Saint of the Day – 21 January – St Agnes (c 291- c 304) Virgin and Martyr – Patronages – Betrothed couples; chastity; Children of Mary; Colegio Capranica of Rome; crops; gardeners; Girl Guides; girls; rape victims; virgins; the diocese of Rockville Centre, New York; the city of Fresno. Attributes – crown of thorns, lamb, woman with long hair and a lamb, sometimes with a sword at her throat, woman with a dove which holds a ring in its beak, woman with a lamb at her side. She is one of seven women who, along with the Blessed Virgin, are commemorated by name in the Canon of the Mass. She is the patron saint of chastity, gardeners, girls, engaged couples, rape survivors, virgins and the Children of Mary. Agnes is depicted in art with a lamb, from the Latin word for “lamb”, agnus. However, the name “Agnes” is actually derived from the feminine Greek adjective hagnē (ἁγνή) meaning “chaste, pure, sacred”. She is also shown with a martyr’s palm.
Saint Agnes of Rome was a member of the Roman nobility born in AD 291 and raised in an Early Catholic family. She suffered martyrdom at the age of twelve or thirteen during the reign of the Roman Emperor Diocletian, on 21 January 304. She was a beautiful young girl of wealthy family and therefore had many suitors of high rank. Details of her story are unreliable but legend holds that the young men, slighted by her resolute devotion to religious purity, submitted her name to the authorities as a follower of Christianity.
The Prefect Sempronius condemned Agnes to be dragged naked through the streets to a brothel. In one account, as she prayed, her hair grew and covered her body. It was also said that all of the men that attempted to rape her were immediately struck blind. The son of the prefect is struck dead but revived after she prayed for him, causing her release. There is then a trial from which Sempronius recuses himself and another figure presides, sentencing her to death. She was led out and bound to a stake but the bundle of wood would not burn, or the flames parted away from her, whereupon the officer in charge of the troops drew his sword and beheaded her, or, in some other texts, stabbed her in the throat. It is also said that her blood poured to the stadium floor where other Christians soaked it up with cloths.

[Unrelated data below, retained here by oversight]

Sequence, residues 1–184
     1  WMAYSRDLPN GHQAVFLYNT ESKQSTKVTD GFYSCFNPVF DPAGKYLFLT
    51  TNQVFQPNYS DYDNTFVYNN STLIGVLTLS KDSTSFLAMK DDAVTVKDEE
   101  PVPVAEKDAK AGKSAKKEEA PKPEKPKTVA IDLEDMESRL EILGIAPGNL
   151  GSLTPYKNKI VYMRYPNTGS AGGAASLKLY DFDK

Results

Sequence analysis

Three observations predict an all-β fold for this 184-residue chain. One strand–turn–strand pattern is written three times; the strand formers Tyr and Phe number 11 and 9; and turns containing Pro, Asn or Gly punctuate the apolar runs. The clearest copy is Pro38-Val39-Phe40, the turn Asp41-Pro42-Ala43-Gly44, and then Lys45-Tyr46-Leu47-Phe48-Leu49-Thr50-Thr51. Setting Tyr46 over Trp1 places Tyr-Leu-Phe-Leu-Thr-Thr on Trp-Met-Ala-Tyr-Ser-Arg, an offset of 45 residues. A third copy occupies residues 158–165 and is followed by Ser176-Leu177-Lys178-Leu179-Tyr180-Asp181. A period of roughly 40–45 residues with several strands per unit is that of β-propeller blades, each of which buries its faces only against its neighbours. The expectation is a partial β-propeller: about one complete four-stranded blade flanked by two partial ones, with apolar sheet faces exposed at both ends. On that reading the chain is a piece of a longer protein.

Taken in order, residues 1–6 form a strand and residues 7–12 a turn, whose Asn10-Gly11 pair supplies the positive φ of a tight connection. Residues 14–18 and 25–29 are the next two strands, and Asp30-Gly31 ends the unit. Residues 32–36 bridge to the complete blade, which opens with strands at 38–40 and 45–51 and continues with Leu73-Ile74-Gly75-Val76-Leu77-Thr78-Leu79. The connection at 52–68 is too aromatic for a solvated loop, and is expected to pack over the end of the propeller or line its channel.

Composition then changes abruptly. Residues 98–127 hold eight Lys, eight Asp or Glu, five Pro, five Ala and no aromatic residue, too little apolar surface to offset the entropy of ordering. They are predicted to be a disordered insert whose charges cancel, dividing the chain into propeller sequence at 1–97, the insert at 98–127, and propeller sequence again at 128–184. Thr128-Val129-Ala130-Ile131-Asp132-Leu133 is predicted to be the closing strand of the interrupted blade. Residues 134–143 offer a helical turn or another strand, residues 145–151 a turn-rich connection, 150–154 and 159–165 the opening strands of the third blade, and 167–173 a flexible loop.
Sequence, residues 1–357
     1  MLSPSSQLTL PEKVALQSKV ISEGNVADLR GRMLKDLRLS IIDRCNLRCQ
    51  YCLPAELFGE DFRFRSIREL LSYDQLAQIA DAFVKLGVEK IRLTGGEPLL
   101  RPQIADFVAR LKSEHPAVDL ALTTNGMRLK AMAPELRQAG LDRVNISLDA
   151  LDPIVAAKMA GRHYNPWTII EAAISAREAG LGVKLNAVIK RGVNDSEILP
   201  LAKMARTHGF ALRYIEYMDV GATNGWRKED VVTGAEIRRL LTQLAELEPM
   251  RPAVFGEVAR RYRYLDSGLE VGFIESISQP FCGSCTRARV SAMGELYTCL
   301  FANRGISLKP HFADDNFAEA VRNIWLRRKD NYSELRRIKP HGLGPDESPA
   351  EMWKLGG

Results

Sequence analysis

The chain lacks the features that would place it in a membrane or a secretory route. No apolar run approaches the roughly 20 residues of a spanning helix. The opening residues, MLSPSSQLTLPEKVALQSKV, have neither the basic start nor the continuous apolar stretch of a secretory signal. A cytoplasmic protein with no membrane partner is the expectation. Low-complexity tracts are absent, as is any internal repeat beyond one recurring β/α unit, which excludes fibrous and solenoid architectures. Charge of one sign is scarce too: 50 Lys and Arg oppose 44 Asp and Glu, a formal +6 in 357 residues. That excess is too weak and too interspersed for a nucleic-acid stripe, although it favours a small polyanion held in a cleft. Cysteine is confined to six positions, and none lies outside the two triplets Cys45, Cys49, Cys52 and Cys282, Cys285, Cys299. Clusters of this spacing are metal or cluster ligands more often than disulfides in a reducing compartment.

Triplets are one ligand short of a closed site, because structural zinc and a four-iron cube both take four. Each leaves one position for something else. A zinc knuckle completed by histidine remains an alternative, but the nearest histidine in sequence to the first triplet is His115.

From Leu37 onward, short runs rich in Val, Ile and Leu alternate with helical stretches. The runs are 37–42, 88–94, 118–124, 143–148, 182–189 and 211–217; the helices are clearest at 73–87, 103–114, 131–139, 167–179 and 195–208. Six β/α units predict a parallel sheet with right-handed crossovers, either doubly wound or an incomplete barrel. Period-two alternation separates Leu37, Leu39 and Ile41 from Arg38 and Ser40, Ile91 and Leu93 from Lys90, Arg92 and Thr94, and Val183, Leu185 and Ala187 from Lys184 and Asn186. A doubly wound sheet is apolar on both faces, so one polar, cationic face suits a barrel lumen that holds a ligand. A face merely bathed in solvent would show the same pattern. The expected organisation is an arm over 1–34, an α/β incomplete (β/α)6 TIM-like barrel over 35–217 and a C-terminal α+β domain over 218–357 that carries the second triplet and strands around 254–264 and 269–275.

Agnes was buried beside the Via Nomentana in Rome. A few days after her death, her foster-sister, Saint Emerentiana, was found praying by her tomb; she claimed to be the daughter of Agnes’ wet nurse, and was stoned to death after refusing to leave the place and reprimanding the pagans for killing her foster sister. Emerentiana was also later canonised. The daughter of Constantine I, Saint Constance, was said to have been cured of leprosy after praying at Agnes’ tomb. She and Emerentiana appear in the scenes from the life of Agnes on the 14th-century Royal Gold Cup in the British Museum.
An early account of Agnes’ death, stressing her young age, steadfastness and virginity, but not the legendary features of the tradition, is given by Saint Ambrose.
Agnes was venerated as a saint at least as early as the time of St Ambrose, based on an existing homily. She is commemorated in the Depositio Martyrum of Filocalus (354) and in the early Roman Sacramentaries.
Agnes’s bones are conserved beneath the high altar in the church of Sant’Agnese fuori le mura in Rome, built over the catacomb that housed her tomb. Her skull is preserved in a separate chapel in the church of Sant’Agnese in Agone in Rome’s Piazza Navona.
Because of the legend around her martyrdom, she is patron saint of those seeking chastity and purity. Agnes is also the patron saint of young girls. Folk custom called for them to practise rituals on Saint Agnes’ Eve (20–21 January) with a view to discovering their future husbands. This superstition has been immortalised in John Keats’s poem, The Eve of Saint Agnes.